• Traditions- legal anthropology, links to ancient law, semiotics , and hermeneutics:
  • Alan Watson Foundation, / (Roman law and legal transplants; Prof. Watson’s bibliography is especially useful for canon law studies)
  • World Digital Library, (LOC, Alexandria Egypt), /
  • Famous World Trials,  (trials of Jesus, Galileo, Salem witches)
  • Church and State- AcademicInfo, Law and Legal Research: Law and Religion – U.S.-based site for  links relating to church/state issue, Native American religious issues, and U.S. Supreme Court cases.
  • General humanities guide to research on world religions (print and electronic, such as CD ROM encyclopedias of Judaism and Islam, free and paid databases and text archives)
  • General comparative religion – U.K. site for resources on world religions
  • British Academy Portal – follow the ‘Theology and Religious Studies’ link from the home page

Comparative law treatises with treatment of religious law:

  • David, Rene and John E.C. Brierley. Major legal systems in the world today: an introduction to the comparative study of law. 3rd ed. London: Stevens, 1996, 1985.
  • Glenn, Patrick H. Legal traditions of the world: sustainable diversity in law. 3rd ed. Oxford; New York: Oxford University Press, 2007.
  • International Association of Legal Science. International encyclopedia of comparative law. Tübingen: J.C.B. Mohr (Paul Siebeck); New York: Oceana, 1973- .
  • Redden, Kenneth R.; Brock, William Emerson. Modern Legal Systems Cyclopedia Buffalo, N.Y., U.S.A.: W.S. Hein, 1984- (loose-leaf; 10 vols.)
  • Zweigert, Konrad,  and Hein Kötz. Introduction to comparative law. 3rd rev. ed. Oxford: Clarendon Press; New York: Oxford University Press, 1998.


Aaron Kuperman, cataloger in the Library of Congress Social Science Cataloging Division, Law Team, has observed that “‘Religious law’ is a square peg that doesn’t fit well in the round hole of American law.”  Ritual traditions and modern legal anthropology create most of the blurred distinctions between legal and non-legal classification decisions in particular collections. Mr. Kuperman, along with Jolande Goldberg, Senior Cataloging Policy Specialist in the Cataloging Policy & Support Office at the Library of Congress, as well as Lesley Wilkins and the Islamic Legal Studies program at Harvard Law School, have worked on the development of the LC classification schedules for religious legal systems:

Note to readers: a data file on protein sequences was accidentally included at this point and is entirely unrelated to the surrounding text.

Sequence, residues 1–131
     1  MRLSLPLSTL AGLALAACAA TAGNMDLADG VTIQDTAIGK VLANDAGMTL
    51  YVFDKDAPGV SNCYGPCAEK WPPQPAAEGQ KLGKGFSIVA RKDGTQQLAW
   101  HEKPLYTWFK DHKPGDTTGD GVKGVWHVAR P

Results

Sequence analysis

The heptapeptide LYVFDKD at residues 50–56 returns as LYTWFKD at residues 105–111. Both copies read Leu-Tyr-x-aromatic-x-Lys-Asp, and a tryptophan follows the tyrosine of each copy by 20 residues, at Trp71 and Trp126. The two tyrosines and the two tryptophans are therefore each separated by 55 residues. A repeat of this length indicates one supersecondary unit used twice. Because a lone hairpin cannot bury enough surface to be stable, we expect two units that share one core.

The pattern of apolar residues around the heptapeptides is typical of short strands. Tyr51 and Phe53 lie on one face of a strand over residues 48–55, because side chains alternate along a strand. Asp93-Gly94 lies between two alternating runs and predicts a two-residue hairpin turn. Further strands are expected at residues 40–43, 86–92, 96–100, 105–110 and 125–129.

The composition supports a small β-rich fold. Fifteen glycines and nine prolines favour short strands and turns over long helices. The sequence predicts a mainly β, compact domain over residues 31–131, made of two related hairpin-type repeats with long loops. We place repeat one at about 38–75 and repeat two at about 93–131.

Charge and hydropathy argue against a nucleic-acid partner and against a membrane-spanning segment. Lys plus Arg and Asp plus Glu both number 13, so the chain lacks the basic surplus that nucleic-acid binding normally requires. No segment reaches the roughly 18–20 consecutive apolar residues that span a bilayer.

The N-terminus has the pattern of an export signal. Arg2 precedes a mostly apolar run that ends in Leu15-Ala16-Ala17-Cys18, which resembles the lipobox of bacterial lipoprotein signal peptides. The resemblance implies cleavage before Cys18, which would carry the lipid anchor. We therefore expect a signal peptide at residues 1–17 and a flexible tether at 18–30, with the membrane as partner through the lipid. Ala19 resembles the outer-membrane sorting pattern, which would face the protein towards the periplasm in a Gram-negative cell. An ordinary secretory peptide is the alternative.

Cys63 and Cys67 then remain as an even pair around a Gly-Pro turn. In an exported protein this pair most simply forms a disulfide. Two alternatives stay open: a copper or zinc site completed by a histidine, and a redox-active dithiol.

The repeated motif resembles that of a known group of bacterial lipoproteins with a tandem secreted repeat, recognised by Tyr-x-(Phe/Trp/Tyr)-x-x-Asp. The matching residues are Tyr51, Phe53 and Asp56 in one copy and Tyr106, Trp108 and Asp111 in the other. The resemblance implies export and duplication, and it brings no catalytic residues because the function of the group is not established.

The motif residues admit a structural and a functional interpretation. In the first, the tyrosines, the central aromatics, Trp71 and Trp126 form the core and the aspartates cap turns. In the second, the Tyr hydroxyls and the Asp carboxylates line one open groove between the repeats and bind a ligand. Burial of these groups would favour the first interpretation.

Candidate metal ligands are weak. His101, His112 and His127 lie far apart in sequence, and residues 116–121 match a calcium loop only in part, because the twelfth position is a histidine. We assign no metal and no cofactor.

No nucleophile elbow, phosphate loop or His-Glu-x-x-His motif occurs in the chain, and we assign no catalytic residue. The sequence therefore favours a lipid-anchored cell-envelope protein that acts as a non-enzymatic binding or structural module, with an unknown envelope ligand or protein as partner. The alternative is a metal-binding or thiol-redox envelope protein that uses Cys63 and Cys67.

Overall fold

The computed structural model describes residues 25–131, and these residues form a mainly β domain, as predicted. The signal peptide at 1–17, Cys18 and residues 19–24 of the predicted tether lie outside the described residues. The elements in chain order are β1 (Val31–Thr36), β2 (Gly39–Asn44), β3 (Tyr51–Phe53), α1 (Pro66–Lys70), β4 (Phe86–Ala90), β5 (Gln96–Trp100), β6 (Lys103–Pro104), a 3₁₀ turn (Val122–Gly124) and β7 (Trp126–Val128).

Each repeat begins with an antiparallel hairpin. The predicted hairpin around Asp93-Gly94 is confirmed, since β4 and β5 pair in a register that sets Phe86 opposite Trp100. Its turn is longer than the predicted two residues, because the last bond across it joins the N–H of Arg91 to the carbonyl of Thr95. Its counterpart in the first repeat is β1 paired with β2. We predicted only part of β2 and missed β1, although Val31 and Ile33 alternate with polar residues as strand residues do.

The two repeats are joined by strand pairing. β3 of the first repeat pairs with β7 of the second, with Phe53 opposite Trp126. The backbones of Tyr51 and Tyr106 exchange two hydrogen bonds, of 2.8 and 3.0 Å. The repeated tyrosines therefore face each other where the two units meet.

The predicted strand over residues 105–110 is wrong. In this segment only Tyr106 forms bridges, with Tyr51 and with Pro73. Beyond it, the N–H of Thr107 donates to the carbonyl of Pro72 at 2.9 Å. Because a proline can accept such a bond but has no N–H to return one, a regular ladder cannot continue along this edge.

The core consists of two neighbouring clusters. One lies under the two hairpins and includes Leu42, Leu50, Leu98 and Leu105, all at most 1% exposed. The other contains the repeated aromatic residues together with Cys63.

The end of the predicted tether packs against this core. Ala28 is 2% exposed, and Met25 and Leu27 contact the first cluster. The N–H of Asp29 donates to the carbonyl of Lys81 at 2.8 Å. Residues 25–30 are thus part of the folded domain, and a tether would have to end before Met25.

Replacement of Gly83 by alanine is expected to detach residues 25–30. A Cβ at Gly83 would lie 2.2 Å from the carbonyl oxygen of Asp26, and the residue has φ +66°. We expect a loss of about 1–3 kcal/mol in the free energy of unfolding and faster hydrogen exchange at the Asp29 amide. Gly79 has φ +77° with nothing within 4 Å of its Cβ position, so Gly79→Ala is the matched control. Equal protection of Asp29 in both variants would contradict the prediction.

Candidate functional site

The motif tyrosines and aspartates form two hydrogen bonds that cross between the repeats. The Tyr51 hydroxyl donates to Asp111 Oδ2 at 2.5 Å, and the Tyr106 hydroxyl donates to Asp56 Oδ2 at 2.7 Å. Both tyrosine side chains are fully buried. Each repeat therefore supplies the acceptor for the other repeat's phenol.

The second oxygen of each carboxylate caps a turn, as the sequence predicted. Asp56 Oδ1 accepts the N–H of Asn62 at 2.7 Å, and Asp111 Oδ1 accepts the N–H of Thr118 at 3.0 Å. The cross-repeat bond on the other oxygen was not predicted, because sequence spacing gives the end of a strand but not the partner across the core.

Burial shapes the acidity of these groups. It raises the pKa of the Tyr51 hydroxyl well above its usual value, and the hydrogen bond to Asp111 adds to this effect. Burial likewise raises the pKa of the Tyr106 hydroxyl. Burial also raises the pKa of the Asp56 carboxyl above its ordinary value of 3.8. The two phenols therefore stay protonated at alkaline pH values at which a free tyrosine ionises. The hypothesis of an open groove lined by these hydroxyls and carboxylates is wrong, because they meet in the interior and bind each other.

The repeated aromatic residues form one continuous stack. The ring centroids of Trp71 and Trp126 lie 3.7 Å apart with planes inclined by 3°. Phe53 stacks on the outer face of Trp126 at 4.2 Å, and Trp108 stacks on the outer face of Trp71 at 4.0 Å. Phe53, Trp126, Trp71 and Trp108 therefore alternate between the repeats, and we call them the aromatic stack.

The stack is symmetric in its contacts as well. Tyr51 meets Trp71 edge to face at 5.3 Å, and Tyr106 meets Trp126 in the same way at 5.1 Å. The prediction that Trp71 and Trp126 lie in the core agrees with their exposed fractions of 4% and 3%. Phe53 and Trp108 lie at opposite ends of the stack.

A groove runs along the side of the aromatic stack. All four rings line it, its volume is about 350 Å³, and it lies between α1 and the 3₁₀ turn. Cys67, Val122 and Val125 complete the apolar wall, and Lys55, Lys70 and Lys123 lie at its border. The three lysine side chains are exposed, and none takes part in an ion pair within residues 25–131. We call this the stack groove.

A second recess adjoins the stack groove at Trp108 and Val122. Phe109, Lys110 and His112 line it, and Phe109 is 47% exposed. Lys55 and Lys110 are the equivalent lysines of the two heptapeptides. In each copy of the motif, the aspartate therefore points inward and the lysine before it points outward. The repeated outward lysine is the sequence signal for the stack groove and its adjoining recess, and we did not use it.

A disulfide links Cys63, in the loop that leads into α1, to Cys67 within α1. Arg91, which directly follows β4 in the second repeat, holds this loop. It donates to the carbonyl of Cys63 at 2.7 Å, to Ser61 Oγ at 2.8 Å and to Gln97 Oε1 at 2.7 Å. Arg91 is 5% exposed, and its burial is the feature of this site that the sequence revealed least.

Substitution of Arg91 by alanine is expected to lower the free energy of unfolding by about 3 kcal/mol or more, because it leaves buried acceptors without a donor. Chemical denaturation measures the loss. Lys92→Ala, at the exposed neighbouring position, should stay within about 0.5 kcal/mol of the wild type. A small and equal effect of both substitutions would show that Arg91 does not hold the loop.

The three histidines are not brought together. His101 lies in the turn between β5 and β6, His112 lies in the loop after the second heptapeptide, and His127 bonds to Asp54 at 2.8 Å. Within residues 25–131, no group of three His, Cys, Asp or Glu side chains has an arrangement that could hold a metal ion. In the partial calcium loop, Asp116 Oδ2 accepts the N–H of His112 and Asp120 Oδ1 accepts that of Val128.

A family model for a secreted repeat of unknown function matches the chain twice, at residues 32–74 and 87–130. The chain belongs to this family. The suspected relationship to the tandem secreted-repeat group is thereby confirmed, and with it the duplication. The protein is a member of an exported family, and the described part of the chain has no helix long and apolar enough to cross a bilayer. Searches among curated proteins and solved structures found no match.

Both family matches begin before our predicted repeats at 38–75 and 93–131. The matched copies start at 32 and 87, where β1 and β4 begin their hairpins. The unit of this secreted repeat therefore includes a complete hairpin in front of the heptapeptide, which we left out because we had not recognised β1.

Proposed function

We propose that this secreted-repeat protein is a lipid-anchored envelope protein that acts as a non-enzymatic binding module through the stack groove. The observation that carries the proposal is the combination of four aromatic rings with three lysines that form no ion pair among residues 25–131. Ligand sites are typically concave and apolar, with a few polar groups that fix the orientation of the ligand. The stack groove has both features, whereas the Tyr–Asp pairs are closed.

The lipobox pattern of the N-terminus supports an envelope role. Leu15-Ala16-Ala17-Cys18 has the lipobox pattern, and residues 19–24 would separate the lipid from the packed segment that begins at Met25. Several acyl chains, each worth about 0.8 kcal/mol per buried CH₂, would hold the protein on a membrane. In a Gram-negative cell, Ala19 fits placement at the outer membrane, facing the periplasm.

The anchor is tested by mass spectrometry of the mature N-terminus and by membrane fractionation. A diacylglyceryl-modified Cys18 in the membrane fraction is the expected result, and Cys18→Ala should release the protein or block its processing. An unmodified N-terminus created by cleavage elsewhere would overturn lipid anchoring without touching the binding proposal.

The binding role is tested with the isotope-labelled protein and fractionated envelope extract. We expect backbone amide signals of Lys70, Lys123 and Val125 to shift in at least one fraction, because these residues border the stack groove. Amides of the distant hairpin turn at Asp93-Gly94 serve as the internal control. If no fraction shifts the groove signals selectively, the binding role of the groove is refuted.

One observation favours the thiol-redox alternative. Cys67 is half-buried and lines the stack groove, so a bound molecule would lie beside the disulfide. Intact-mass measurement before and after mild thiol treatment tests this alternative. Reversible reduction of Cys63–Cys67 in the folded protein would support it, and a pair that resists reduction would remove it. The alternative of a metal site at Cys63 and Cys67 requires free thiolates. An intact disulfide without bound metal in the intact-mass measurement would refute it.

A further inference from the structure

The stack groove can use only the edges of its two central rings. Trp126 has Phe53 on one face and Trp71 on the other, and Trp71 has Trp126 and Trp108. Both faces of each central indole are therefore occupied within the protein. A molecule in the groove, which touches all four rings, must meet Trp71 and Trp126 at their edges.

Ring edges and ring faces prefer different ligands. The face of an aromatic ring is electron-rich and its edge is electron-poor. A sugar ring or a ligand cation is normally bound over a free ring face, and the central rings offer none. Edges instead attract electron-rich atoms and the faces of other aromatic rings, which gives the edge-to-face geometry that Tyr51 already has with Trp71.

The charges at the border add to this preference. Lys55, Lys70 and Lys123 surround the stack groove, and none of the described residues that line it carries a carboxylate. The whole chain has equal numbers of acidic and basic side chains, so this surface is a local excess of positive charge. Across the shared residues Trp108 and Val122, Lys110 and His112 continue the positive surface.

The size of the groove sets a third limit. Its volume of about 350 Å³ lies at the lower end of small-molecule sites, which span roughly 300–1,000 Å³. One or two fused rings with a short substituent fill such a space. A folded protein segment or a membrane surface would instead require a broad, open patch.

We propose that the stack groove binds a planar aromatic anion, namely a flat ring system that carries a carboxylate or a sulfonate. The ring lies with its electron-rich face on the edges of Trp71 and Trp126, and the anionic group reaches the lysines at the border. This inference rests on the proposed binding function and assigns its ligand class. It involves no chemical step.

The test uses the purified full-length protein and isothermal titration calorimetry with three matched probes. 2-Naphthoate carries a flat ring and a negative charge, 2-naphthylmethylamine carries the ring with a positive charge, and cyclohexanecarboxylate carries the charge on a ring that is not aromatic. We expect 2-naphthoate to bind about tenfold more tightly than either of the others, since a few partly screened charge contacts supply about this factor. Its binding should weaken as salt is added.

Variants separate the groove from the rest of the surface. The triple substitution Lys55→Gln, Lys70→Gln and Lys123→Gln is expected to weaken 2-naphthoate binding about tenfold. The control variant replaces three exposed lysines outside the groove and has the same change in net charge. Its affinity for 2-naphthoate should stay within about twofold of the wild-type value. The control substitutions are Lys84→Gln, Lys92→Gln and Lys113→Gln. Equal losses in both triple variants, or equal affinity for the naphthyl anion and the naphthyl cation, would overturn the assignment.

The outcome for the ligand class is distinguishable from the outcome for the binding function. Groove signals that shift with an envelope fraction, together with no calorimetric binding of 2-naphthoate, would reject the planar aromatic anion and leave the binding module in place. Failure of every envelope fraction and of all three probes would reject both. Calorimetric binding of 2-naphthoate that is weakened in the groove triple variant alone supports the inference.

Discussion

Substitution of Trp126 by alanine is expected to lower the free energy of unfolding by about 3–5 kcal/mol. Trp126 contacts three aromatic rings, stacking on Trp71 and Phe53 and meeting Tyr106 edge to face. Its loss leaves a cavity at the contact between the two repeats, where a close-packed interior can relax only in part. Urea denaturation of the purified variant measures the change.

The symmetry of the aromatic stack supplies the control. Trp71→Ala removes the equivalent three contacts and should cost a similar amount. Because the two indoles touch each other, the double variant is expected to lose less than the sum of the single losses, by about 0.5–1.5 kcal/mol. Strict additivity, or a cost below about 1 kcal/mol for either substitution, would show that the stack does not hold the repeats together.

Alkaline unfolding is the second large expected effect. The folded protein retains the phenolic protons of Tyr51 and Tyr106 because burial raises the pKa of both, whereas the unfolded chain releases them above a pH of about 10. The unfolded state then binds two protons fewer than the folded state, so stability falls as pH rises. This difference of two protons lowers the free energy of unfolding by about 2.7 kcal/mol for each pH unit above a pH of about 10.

• KB – comparative religious law
  • KBP – Islamic Law
  • KBM- Jewish law
  • KBR- for Canon Law.
  • KBS – the Catholic Church and Modern Canon Law
  • KNS- Hindu Law

For LC Subject Heading access, the above descriptors, adding only Buddhist law, work well either as actual broader term headings (which will require a limit with a term, say “women,” especially for Islamic law) or as keyword searches.

For Confucian “law” it is necessary to use e.g., Philosophy, Confucian-[country name] or Confucian as a keyword with “ethics” or “law.”

Religious legal systems: Outline. Each religious system will be presented in two sections:

  • Essential facts
  • Basic sources and their descriptions: internet/electronic, books, articles

Subject headings: Books and Articles

Please note that for this guide, very few monographs are listed. This is a selection intended to suggest further searches under the subject headings discussed above under “classification.” Articles are drawn mainly from legal periodical indexing for two reasons, 1) to demonstrate the existence of this narrower subject area in that literature, and 2) to exclude the wider and very numerous publications in legal anthropology, a closely-related discipline which should be researched in a thorough scholarly exposition of the entire field. It is, however, beyond the scope of this guide.  Extensive resources are available through Google Books and Google Scholar.